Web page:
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Journal of Natural Sciences Research ISSN 2224-3186 (Paper) ISSN 2225-0921 (Online) Vol.2, No.3, 2012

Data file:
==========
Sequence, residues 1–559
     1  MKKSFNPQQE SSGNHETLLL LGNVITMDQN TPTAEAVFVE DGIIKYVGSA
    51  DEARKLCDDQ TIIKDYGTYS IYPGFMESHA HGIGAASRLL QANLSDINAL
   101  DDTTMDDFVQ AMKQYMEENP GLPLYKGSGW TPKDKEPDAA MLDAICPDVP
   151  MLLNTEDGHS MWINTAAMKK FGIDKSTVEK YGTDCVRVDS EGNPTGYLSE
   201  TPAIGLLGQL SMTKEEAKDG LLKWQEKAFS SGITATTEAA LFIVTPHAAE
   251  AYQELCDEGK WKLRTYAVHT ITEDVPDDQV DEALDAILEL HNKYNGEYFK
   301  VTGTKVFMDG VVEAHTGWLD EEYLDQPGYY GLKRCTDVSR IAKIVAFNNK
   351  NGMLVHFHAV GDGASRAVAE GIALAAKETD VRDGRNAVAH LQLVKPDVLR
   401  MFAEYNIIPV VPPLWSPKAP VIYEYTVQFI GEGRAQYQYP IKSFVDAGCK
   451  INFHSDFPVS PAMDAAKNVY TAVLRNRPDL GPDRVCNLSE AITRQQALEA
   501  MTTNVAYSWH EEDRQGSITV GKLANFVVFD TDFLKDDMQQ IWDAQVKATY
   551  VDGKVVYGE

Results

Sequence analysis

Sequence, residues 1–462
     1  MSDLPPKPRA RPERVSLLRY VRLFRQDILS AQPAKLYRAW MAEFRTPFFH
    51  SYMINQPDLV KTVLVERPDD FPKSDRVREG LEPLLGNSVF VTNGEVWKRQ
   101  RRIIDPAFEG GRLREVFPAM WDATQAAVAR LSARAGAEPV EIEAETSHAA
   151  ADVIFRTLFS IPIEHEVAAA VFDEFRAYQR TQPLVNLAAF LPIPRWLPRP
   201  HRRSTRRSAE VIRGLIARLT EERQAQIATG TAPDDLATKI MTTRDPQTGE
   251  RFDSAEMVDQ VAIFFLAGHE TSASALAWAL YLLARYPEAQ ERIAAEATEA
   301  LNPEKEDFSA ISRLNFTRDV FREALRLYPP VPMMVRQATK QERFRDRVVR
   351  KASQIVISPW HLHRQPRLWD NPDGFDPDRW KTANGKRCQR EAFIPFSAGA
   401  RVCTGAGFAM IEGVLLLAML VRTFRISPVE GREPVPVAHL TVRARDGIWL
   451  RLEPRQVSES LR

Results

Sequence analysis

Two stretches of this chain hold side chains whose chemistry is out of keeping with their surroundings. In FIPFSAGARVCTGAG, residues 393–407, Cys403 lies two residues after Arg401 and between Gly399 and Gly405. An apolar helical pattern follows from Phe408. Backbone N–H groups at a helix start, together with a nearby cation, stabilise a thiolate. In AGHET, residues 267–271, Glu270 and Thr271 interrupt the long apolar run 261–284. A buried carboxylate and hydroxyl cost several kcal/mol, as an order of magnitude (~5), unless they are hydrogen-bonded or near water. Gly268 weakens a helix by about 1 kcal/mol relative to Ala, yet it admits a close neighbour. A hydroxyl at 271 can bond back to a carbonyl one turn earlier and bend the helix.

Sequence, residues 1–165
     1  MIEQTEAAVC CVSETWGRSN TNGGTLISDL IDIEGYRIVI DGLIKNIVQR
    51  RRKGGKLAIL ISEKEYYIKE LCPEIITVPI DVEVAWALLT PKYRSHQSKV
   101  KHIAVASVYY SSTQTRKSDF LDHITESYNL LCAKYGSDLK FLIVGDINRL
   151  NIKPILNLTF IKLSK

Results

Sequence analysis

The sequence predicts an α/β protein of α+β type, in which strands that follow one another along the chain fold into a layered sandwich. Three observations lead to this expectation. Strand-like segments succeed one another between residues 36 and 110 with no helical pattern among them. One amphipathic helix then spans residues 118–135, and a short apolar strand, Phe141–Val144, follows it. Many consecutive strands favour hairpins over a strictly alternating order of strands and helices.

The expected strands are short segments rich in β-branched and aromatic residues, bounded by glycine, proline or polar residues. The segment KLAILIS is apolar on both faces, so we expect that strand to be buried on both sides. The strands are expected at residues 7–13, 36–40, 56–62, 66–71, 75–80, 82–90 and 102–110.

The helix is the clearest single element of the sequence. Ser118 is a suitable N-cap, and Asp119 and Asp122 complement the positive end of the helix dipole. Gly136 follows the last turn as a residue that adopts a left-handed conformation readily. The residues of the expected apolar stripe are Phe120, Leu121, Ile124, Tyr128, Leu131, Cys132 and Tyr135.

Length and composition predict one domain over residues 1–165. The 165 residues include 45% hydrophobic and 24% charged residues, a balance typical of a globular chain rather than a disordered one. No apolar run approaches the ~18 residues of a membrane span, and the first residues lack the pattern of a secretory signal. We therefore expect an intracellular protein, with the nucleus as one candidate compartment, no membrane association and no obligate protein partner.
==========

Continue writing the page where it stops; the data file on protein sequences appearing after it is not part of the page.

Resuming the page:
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oils or their constituents are odoriferous substances from plants and are extensively used as medicinal products, in the food industry as flavors and in the cosmetic industry as fragrances (Evans, 2003). Many of these oils have been shown to exert broad spectrum anti microbial activities (Schelz et al., 2006; Hammer et al., 1996). Cookies are important food products used in snacks by children and adults in Nigeria. However, school growing children who need more protein for body weight than adults do most commonly relish them. Cookies hold an important position in snack food due to variety in tastes, crispiness and digestibility (Opawale et al., 2011). Cookies are one of the popular cereals foods, apart from bread, consumed in Nigeria. They are ready to eat, convenient and inexpensive food products, containing digestive and dietary principles of vital importance (Kulkarni, 1997). They are nutritive snacks produced from unpalatable dough that is transformed into appetizing product through the application of heat in the oven (Olaoye et al., 2007). In Nigeria, ready-to-eat baked products (snacks) consumption is continually growing and there has been increasing reliance on imported wheat (Akpapunam et al., 1999). The aim of this work is to produce cookies from wheat fortified with mushroom flour and spiced with Xylopia aethiopica in order to control the microbial load of the cookies and also to exploit the potential recorded by researchers on the selected mushroom (Termitomyces robustus) and the spiced. The objective of this work is to produce cookies from wheat fortified with mushroom flour and to introduce spice (Xylopia aethiopica) as a control to microbial contamination of the fortified cookies. To carry out the sensory analysis of the cookies produce from wheat flour fortified with mushroom flour and spiced with Xylopia aethiopica. 2.0 Materials and Methods 2.1 Materials collection Fresh mushroom was collected from a commercial seller in Ondo State at Oba market, Owo. Pulverized and oven dry. This was further grinded into powder to make flour. Erinje (Xylopia aethiopica) was also collected from Oja Ikoko market, sundry and grinded into powder. An egg, butter, sucrose, baking powder e.t.c. was gotten from the market. 2.2 Preparation of composite flours Flour was prepared from the Termitomyces robustus (Mushroom) and was mixed with wheat flour at various proportions. Cookies was produced from the composite flours according to the method of Giami et al., (2004) as shown in the figure 1 and table 1 respectively. The flour was screened through a 0.25mm British Standard sieve (Model B8410). 2.3 Preparation of cookies The ingredient was carefully weighed butter 20g, sugar 5g , egg 10g, fat 25g and salt 0.1g was mixed together to form a mass. The composite flour and baking powder 0.1g was sieved and added to the sugar-butter-egg-fat-salt mass and was mixed to get a homogenous mass. The cookies were cut out with the aid of cookies cutter having diameter of 36mm and was placed in trays. Baking wad done at 225ºC for 13minutes. The cookies were allowed to cool at room temperature for 15 minutes (AACC International 2010). Xylopia aethiopica was added at 5g, 10g and 15g/ 100 g of flour and control was devoid of the spice (Xylopia aethiopica). 2.4 Physical Analysis The weight of the cookies was measured by weighing on a weighing balance (Model Mettler PE 1600, Mettler Instruments Corporation, Greifensee, Zurich, Switzerland) with an accuracy of 0.1mg. The diameter was measured with a calibrated ruler as described by Ayo et al., (2007). The spread factor was determined using Ayo et al., (2007) method. Three rows of the two well-formed cookies were made and the thickness was measured as well as arranging the same cookies horizontally edge and the sum of the diameter was measured. 2.5 Sensory Evaluation of the cookies Sensory evaluation of this research was reported according to Opawale et al., (2011). The organoleptic evaluation of the cookies samples was carried out for consumer acceptance and preference using six untrained common consumers participated in the study. Consumer was randomly selected from Rufus Giwa Polytechnic, Owo metropolis. They were to evaluate the sensory properties based on colour, flavour, taste and overall acceptability using a five point Hedonic scale where one represents “extremely dislike”, two represents “dislike”. Three represents “neither like nor dislike”, four represents “like” and five represents “extremely like”. Means and standard errors of the means (SEM) of replicate scores were determined and subjected to analysis of variance (ANOVA) using the statistical package for social statistics (SPSS version 12). 2.6 Microbial Evaluation of the cookies The finished cookies sample was powered and 1g was measured and was dissolved in 10ml of sterile water and was centrifuge at 5000rpm for 5minutes. The supernatant was decanted leaving 5ml in the test tube. After thorough mixing 10 fold dilution of each sample homogenate was made and 0.2ml of the dilution (10¯1 and